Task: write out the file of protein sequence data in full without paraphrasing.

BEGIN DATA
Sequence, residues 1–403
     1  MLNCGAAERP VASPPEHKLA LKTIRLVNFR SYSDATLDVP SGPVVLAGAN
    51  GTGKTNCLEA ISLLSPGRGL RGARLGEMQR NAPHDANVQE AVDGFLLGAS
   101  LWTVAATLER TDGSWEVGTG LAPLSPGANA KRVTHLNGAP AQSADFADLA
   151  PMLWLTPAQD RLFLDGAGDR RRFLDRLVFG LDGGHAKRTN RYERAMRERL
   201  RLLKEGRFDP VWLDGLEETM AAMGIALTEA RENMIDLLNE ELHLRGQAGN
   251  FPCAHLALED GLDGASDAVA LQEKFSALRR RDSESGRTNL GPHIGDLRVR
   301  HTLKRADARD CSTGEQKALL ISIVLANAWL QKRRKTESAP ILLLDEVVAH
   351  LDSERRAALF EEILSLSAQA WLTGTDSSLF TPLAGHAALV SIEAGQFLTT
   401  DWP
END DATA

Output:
Sequence, residues 1–403
     1  MLNCGAAERP VASPPEHKLA LKTIRLVNFR SYSDATLDVP SGPVVLAGAN
    51  GTGKTNCLEA ISLLSPGRGL RGARLGEMQR NAPHDANVQE AVDGFLLGAS
   101  LWTVAATLER TDGSWEVGTG LAPLSPGANA KRVTHLNGAP AQSADFADLA
   151  PMLWLTPAQD RLFLDGAGDR RRFLDRLVFG LDGGHAKRTN RYERAMRERL
   201  RLLKEGRFDP VWLDGLEETM AAMGIALTEA RENMIDLLNE ELHLRGQAGN
   251  FPCAHLALED GLDGASDAVA LQEKFSALRR RDSESGRTNL GPHIGDLRVR
   301  HTLKRADARD CSTGEQKALL ISIVLANAWL QKRRKTESAP ILLLDEVVAH
   351  LDSERRAALF EEILSLSAQA WLTGTDSSLF TPLAGHAALV SIEAGQFLTT
   401  DWP